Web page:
Autonomous Vehicle Design Challenges

By Lindsay Farlow | Dec 11, 2013

If 90% of vehicles on the roads in the US were autonomous, fuel consumption would be reduced by 724 million gallons, 4.2 million accidents could be prevented, and 21,700 lives could be saved, according to a recent report from the Eno Center for Transportation. With statistics like that it’s no wonder that autonomous vehicle R&D is such a hot field.

Nuvation is leading that charge. We joined forces with an autonomous vehicle research team from the University of Waterloo and we’re already years into adding autonomous capabilities to DiscoFish, our own vehicle design. Legislative issues aside, there are many obstacles to overcome before autonomous vehicles are mainstream. Here's what we’re currently working on.

Coordinated Platooning

Platooning is a traffic system where vehicles travel together in a synchronized and densely packed group, communicating with wireless technology. This cooperative system increases traffic capacity on the roads, reduces fuel consumption, and improves safety by minimizing driver error.

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The research team is working with a new algorithm design called Cooperative Adaptive Cruise Control (CACC). This design handles vehicle-to vehicle communication and sensor noise issues, and can be used along with driver assistance algorithms such as lane departure warnings or merge-in assistance. The researchers are integrating systems of sensors with the CACC algorithms to guarantee autonomous vehicle stability, robustness, and performance. In the future this could mean that cars are able to fly safely down the freeways, bumper-to-bumper.

Coordinated Emergency Braking

The next autonomous design challenge is ensuring that vehicles are able to brake safely in case of an emergency. Current emergency braking systems are a combination of Autonomous Emergency Braking Systems (AEBS), Autonomous Brake Assist, and Advanced Driver Warning.

The AEBS system avoids or mitigates frontal collisions by using sensors to monitor the relative speed and distance of the vehicle ahead. The brakes are autonomously applied if sensor data indicates that danger is ahead, giving vehicles the maximum time to decelerate and avoid the collision. In vehicles operated individually, AEBS alone would not be reliable or practical, but when used with vehicle-to-vehicle communication, emergency braking becomes far more effective.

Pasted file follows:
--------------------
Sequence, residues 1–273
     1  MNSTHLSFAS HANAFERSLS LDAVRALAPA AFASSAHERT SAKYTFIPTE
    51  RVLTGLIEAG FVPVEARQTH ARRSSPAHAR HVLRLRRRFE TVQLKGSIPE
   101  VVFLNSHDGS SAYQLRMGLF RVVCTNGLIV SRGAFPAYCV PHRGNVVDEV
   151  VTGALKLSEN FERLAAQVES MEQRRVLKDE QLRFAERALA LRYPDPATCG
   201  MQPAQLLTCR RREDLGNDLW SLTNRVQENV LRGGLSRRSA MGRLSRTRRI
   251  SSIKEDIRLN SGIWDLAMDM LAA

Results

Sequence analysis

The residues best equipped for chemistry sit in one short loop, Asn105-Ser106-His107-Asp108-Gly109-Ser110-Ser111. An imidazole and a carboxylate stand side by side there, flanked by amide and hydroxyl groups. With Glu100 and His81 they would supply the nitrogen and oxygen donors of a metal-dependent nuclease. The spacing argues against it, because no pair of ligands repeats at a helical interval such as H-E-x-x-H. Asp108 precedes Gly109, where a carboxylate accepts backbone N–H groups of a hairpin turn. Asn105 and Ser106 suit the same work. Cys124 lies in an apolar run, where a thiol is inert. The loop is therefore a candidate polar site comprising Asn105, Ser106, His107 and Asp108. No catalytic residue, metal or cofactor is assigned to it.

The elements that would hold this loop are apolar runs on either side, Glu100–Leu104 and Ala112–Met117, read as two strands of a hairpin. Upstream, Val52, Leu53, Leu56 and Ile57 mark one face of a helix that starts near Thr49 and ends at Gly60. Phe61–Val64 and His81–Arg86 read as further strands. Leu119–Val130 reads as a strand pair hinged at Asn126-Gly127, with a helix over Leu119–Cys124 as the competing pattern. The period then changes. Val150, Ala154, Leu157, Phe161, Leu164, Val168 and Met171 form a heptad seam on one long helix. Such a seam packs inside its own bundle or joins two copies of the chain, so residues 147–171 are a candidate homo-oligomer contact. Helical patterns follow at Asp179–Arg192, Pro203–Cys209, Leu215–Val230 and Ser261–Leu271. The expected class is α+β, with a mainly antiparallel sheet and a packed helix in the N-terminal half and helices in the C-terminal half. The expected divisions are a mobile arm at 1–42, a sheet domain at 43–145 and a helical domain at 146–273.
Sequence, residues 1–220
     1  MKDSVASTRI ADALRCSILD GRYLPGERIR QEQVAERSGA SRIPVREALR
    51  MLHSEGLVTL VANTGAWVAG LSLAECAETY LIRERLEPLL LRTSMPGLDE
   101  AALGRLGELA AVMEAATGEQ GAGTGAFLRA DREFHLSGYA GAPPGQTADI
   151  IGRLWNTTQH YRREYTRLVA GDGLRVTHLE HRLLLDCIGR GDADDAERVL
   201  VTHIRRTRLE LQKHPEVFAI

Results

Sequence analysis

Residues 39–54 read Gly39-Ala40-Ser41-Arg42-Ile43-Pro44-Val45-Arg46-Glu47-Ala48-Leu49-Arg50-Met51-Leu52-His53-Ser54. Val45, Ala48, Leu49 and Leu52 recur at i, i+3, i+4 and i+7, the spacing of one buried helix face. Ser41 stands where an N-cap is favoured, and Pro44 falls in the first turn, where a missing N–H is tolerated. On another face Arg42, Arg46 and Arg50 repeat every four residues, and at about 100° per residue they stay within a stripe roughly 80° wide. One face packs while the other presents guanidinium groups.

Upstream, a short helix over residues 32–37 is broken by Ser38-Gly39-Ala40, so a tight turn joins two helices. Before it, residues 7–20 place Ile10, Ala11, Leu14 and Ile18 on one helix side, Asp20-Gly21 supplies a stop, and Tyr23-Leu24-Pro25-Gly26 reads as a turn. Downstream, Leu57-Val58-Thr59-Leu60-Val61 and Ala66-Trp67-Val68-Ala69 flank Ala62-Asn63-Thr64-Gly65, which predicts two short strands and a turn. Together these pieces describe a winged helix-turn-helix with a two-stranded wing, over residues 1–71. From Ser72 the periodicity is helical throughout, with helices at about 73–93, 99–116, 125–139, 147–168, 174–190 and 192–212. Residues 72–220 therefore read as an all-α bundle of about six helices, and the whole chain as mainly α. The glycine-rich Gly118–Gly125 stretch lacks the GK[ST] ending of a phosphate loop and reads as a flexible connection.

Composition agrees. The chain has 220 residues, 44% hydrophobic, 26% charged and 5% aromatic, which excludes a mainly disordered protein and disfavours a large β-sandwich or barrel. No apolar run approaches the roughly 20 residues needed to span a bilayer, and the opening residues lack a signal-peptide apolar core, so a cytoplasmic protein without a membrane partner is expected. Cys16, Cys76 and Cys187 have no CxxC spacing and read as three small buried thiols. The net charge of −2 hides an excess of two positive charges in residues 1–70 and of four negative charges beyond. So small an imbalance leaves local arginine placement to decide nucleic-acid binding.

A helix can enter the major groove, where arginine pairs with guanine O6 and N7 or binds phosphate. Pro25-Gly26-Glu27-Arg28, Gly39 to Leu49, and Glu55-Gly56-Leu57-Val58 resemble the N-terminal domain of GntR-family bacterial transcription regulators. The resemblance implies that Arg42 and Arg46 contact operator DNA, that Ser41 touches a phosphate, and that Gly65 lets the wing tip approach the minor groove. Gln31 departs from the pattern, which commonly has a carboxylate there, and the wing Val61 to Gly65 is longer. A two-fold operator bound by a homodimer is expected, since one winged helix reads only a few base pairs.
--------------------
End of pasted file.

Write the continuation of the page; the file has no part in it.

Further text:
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Emergency braking could be applied in different stages: advanced warning, pre-crash, and imminent crash (using the Advanced Driver Warning, Autonomous Brake Assist, and AEBS systems respectively). Advanced algorithms are used to adjust emergency braking parameters to optimize driving capacity while ensuring safety.

Object Detection and Tracking

Object detection for autonomous vehicles can be both LIDAR-based (using laser reflections to detect if there is an object) and/or vision-based (to detect a stop sign or traffic light). LIDAR is surprisingly good at object detection and mapping.

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LIDAR vs. Satellite map

Salience detection strategies identify characteristics that distinguish objects from the background, and then Classification approaches try to label and understand them.  Classification algorithms can use template matching quite reliably for known objects like road signs, but it’s significantly more complicated for unknown or unexpected objects. Detecting traffic lights is particularly difficult because lights are not consistently visible and light detection requires cameras with a huge dynamic range.

Detecting and tracking dynamic objects requires a combination of point cloud data and visual cues. This brings the additional challenge of processing speed, as there are large numbers of targets and a large range of speeds. Sensor and algorithm robustness is an issue as well, as ice, snow, sun, rain, and shade all have different effects on different sensors. Researchers use predictive modeling to try and account for erratic behaviors and to detect anomalies.

As you can see, autonomous vehicles will require not just advanced sensors and vehicle-to-vehicle communication interfaces but extremely complicated algorithms and modeling techniques. Research teams are continuously improving their analyses, and experts predict that autonomous vehicles will be mainstream by 2016, if not sooner. Check back for more autonomous vehicle design updates and progress and developments from our research team!